Guerilla Gravity Pedalhead: Front Range weapon?

Guerrilla Gravity says “The Pedalhead is an adventure hardtail built for everything from crushing singletrack miles, getting rad around town, or as an all-around play bike.”

I just spent a day on one, and here’s what I say:

As a guy who’s written promo copy for more than 30 bike companies, I know how to spew bike bullshit. I will try to dispense none of that.

Transparency: GG loaned me the bike. I did not pay for the privilege, but I did fight traffic between Denver and Boulder, so I guess I have skin in the game.

Made in Denver, CO, USA: This is a big part of the GG story. They fabricate their bikes in their small but tidy shop right next to Mile High Stadium. When you buy a GG bike, you are supporting CO families. I like that.

Steel yourself. The Pedalhead is made from square profile steel, and steel is reportedly real. More real than aluminum? Certainly more real than carbon! My test bike was right around 30 pounds. With some smart parts picks Kevin Stiffler had his Pedalhead under 26 pounds, over a pound lighter than my aluminum Specialized Fuse, which annoyed me.

Wheels: You can fit up to 27.5×3.0 or 29×2.6 tires. That’s a lot of meat. My test bike had 29×2.3s, which made it feel quick and nimble. I’ve seen and ridden this bike with 27.5×3.0s, and in that format it is a bad ass trail bike for skilled riders.

Being a plus hardtail, the Pedalhead is also awesome for more beginning and timid riders. My wife and girls all ride plus hardtails because: 1) Huge amount of fun for the money. 2) Crazy versatile. 3) Some extra cushion. 4) Lots of traction. Things that are sketchy on little tires … aren’t so sketchy on big tires.

What the fork? You can run up to 140mm. My test bike wore a 120mm Pike. The Pike worked as Pikes do. Just fine. But it’s not a FOX 34 or 36. Sorry, but it’s true.

Sit and spin: 74 degrees is the effective seat tube angle, and that’s on the steep side, and you see this on more and more enduro bikes. It’s supposed to place you over the pedals rather than behind them, especially when climbing.

Stay chain, stay: Pedalhead chainstays are 419mm, which is short, especially with such big tires. My beloved Specialized Enduro SX, which is the sickest slalom bike on earth, has 419mm stays. Yes, these bikes have the same junk in the trunk.

Low slung: Depending on tire size, the Pedalhead bottom bracket is 305-315mm off the deck. This is low. How low? As low as or lower than my Enduro SX! What we’re starting to see here is a bike that is laid out for all-day pedaling but, from your feet to the back wheel, feels like a slalom race bike. Uh huh. Seat up ride to the bike park or trails. Seat down shred like crazy. Seat up back to civilization.

Slack: With a 120mm fork, the head angle is 65.5 degrees. That’s in the enduro bro category, and it’s pretty darn slack for a hardtail. This slackness says, “Dude. I am a hardtail, but I am made for shredding.” See the above paragraph.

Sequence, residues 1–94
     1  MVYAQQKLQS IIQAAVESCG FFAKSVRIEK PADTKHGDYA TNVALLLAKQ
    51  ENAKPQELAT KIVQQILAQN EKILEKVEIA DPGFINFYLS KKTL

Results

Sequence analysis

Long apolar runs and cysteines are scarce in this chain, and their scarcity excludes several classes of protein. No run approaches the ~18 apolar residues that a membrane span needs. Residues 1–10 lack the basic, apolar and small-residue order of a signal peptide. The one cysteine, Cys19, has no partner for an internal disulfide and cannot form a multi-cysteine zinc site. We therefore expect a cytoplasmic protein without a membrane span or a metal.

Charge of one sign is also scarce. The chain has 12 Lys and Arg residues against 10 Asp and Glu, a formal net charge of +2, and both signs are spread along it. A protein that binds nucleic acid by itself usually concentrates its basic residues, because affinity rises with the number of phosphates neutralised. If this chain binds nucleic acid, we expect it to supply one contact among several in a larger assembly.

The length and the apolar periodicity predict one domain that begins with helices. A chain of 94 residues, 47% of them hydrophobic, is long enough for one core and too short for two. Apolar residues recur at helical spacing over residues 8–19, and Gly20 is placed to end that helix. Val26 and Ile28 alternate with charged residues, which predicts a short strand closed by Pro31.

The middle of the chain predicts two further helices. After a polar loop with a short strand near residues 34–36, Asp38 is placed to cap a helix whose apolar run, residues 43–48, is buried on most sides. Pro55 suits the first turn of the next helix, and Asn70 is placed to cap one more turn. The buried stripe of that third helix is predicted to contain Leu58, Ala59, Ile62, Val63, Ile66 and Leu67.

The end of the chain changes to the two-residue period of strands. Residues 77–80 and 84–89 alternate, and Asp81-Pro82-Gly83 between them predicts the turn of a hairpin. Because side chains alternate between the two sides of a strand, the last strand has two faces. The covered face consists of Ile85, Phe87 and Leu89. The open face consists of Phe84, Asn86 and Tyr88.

Reach for it: GG bikes (and all modern bikes) tend to be long in front. The small Pedalhead I rode has a reach of 420mm. The leverage ratio between the front of the bike and the back of the bike is high. What does this mean? It means every pound of handlebar pull gets multiplied into mega rear-wheel smash. That, my friends, makes a bike pump, manual, hop and (if you know how to corner) corner with a ton of power.

Not Gary Fisher’s 29er: When you combine the steep seat angle, short stays, low bottom bracket, slack head angle and long reach, you get a bike that checks all of the aggro/enduro boxes, but that happens to be a hardtail.

I rode the Pedalhead at Valmont Bike Park, which I know like the back of my hand.

10 laps on the dual slalom track (up the dirt road, down the slalom, switch lanes and repeat) is my standard test of fitness, strength and bike ride-ability. That’s 500 feet of climbing, 60 corners and 180 bumps which can be pumped, manualed and jumped in myriad combinations. I’ve ridden every kind of bike on this track, from BMX to DH to XC to DJ to DS to trail to CX. 10 laps at a medium/hard pace usually takes me 20 minutes.

On the Pedalhead it took 17 minutes. That was shocking. I was not trying to pin the descents. Instead I was easily pumping, manualling, jumping and carving, then climbing at moderate pace. I was not in a hurry, but apparently I was going faster than usual.

Why? Matt from GG says the steep seat angle helped on the uphills. I think the hardtailness adds speed everywhere (if you know how to ride a bike). I think the geometry clicked my brain into slalom mode, and I think the feedback I got from the stiff chassis put me on Be Careful, Be Smooth alert — which apparently works well.

Tucker Samuelson is a young ripper and LLB coach in training. He rode it around, came back and declared: “This thing’s a Front Range weapon.”